Paul Hubbards’ next installment takes us to Shiwa N’gandu in northern Zambia.
Our prime goal in the area was Shiwa N’gandu, also known as Africa House. This is an approximation of an English Manor House built by Stewart Gore-Browne. Inspired by the beauty of the area, Gore-Brown was determined to establish a utopian state in the midst of Africa and in his hands, Shiwa grew into a vast enterprise, employing 1800 local people. He ruled with a benevolent paternalism and engaged in many agricultural experiments. His house was his passion and it is solidly built, with handmade roof tiles and bricks. The floor plan is rather eccentric and produces occasional feelings of claustrophobia. Many of the artefacts on display in the house range from West African (Benin) bronzes to Oriental China and English pewter ware watched over by African hunting trophies.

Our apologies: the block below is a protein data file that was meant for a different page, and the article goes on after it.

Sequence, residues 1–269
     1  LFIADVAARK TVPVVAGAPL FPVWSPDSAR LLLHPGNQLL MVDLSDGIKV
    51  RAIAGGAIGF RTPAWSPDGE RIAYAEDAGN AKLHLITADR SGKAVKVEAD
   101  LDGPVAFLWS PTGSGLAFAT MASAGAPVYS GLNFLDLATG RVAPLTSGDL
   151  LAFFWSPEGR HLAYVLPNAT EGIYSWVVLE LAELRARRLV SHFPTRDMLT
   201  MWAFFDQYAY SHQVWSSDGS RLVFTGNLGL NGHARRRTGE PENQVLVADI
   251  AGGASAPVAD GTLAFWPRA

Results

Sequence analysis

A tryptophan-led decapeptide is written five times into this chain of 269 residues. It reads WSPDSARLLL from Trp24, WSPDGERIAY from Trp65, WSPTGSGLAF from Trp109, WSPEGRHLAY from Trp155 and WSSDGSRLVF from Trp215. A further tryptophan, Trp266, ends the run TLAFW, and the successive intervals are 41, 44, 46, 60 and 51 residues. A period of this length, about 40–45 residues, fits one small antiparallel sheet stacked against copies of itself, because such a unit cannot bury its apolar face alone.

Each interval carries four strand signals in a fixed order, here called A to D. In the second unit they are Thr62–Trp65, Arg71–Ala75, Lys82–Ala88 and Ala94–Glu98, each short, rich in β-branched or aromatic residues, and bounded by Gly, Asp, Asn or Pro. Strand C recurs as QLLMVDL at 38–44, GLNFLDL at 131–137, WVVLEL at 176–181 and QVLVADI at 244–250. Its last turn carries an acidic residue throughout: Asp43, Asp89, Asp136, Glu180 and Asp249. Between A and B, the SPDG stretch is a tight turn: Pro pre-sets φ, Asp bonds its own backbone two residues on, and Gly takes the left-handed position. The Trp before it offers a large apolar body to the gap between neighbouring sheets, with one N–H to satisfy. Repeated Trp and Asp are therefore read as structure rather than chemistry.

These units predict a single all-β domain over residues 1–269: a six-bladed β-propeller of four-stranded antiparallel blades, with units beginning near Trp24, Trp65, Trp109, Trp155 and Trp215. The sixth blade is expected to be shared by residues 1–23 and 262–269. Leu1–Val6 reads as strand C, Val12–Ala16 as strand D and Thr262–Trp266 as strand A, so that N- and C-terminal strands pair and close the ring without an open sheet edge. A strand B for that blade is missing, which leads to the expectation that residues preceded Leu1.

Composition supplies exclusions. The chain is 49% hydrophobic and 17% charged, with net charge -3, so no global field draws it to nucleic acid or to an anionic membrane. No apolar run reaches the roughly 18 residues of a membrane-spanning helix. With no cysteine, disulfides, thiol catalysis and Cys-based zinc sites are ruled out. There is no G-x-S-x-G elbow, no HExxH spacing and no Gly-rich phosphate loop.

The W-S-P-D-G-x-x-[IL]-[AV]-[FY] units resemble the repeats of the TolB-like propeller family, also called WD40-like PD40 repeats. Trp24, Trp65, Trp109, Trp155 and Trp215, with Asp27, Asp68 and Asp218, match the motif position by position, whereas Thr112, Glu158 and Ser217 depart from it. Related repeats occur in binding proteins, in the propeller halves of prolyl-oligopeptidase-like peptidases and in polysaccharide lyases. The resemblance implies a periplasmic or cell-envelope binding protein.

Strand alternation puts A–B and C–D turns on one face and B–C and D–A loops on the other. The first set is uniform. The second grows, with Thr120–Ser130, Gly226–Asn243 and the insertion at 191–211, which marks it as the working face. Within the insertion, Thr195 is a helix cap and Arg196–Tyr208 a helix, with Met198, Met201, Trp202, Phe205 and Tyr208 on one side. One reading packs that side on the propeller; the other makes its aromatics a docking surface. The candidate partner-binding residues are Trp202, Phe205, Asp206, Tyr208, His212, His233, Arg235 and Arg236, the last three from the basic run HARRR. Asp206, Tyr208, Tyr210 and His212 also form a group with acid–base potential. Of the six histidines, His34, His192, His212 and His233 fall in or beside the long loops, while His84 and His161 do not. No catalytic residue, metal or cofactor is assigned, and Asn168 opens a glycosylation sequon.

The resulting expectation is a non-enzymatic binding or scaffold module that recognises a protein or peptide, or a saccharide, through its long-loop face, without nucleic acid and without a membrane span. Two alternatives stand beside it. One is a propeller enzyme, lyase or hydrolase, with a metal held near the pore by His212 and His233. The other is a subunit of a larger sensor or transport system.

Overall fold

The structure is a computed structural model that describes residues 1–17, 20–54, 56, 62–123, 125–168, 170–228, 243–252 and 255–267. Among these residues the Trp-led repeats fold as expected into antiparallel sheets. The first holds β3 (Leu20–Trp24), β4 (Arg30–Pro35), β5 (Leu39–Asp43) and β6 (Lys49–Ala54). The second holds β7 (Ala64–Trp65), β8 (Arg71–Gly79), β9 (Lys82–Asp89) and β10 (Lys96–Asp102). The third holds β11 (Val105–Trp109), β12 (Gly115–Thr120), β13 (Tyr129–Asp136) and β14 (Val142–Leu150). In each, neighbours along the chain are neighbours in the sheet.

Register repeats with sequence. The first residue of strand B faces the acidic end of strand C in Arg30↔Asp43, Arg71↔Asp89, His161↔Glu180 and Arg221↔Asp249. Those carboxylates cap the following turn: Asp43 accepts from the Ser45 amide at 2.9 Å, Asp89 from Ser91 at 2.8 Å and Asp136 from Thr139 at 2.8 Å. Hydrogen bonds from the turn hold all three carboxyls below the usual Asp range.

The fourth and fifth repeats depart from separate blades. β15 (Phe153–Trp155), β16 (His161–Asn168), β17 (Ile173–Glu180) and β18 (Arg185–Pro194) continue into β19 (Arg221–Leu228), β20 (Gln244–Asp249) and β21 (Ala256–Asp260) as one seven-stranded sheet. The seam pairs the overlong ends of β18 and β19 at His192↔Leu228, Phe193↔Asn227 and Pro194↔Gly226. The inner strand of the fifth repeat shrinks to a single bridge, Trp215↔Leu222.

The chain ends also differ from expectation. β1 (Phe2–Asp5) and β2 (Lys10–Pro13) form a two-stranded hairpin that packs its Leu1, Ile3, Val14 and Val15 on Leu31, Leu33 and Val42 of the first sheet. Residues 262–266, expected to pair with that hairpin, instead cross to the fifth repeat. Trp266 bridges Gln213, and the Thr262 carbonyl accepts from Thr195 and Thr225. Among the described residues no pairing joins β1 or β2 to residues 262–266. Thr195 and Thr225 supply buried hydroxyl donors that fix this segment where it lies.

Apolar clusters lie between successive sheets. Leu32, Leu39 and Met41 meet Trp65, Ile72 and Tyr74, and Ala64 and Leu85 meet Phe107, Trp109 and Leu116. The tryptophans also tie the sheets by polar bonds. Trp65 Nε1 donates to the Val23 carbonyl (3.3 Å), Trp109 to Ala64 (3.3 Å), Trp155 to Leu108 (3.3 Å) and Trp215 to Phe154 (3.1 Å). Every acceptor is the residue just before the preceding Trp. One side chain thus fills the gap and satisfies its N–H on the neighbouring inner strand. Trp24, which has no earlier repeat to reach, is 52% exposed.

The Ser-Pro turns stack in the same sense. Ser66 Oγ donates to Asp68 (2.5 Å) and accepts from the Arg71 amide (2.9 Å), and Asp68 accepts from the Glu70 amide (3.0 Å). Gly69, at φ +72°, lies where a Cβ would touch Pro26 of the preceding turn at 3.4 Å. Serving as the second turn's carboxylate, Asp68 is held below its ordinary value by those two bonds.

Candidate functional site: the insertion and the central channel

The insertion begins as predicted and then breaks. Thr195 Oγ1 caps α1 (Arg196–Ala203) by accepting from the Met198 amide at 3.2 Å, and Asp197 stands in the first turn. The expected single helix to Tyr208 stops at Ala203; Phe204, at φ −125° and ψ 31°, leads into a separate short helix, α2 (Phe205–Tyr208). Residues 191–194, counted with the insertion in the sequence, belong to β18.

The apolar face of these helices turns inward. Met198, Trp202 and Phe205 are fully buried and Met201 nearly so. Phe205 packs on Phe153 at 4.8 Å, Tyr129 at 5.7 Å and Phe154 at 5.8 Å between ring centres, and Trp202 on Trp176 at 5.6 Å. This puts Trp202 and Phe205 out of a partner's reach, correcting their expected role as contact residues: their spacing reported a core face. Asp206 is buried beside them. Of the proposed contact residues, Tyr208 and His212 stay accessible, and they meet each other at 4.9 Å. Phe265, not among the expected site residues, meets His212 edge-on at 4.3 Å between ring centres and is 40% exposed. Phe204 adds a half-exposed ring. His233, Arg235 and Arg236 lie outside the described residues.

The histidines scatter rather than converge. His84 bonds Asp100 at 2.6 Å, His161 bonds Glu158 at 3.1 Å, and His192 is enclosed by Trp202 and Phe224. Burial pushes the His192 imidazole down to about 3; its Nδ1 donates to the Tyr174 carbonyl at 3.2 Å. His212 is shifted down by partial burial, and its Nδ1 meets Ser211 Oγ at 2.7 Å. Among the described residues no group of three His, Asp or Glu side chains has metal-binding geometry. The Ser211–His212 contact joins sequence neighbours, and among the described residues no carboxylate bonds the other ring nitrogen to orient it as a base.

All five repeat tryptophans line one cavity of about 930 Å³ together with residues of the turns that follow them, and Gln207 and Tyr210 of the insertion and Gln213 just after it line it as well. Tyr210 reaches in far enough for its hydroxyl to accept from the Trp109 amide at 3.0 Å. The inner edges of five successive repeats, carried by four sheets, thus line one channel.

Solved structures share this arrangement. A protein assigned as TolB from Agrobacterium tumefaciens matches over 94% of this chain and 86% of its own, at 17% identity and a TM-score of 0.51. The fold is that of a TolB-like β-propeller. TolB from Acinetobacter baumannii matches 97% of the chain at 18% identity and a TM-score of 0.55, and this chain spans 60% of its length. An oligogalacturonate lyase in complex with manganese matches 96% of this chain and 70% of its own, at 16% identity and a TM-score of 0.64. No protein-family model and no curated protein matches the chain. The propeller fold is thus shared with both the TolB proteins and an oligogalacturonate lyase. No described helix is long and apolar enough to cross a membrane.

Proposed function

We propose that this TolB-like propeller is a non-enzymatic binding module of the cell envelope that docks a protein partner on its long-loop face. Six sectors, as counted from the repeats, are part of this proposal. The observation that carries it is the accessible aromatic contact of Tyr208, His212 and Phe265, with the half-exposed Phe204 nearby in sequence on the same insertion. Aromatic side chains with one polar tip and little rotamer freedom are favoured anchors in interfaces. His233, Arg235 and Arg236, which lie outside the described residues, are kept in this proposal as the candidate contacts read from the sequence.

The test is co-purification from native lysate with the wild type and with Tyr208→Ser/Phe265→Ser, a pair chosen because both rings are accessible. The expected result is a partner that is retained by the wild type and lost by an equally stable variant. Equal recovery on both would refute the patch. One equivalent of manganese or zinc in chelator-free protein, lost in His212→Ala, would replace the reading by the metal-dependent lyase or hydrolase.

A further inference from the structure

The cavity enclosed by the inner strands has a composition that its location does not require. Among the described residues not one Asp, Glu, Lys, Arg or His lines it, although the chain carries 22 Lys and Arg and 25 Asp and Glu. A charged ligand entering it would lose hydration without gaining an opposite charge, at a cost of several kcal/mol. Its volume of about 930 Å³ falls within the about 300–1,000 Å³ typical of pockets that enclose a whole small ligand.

Gore-Browne was a key figure in the lead to Zambia’s Independence and mentored Kenneth Kaunda, the first president of Zambia. He was made a Grand Officer of the Companion of the Order of Freedom, the first such honour awarded in the country. Dying in 1967, Gore-Brown is perhaps the only white man in Africa to be given a state funeral. Kaunda said at his funeral that Gore-Brown “was born an Englishman and died a Zambian” (McIntyre 2008).
After 1967, the house and estate fell into a period of benign neglect although Gore-Brown’s descendants continue to own the property. Today the manor house and surrounding farm has been revived by the Harveys, grandchildren to Gore-Browne. As enticing as the whole story is, I feel much remains to be done to convert the property into a successful mixed tourism and agricultural concern, especially if you charge $350 a night. There is a lot of wildlife on the estate, including eland, zebra, impala and puku; the birdwatching is sublime.
Paul Hubbard : firstname.lastname@example.org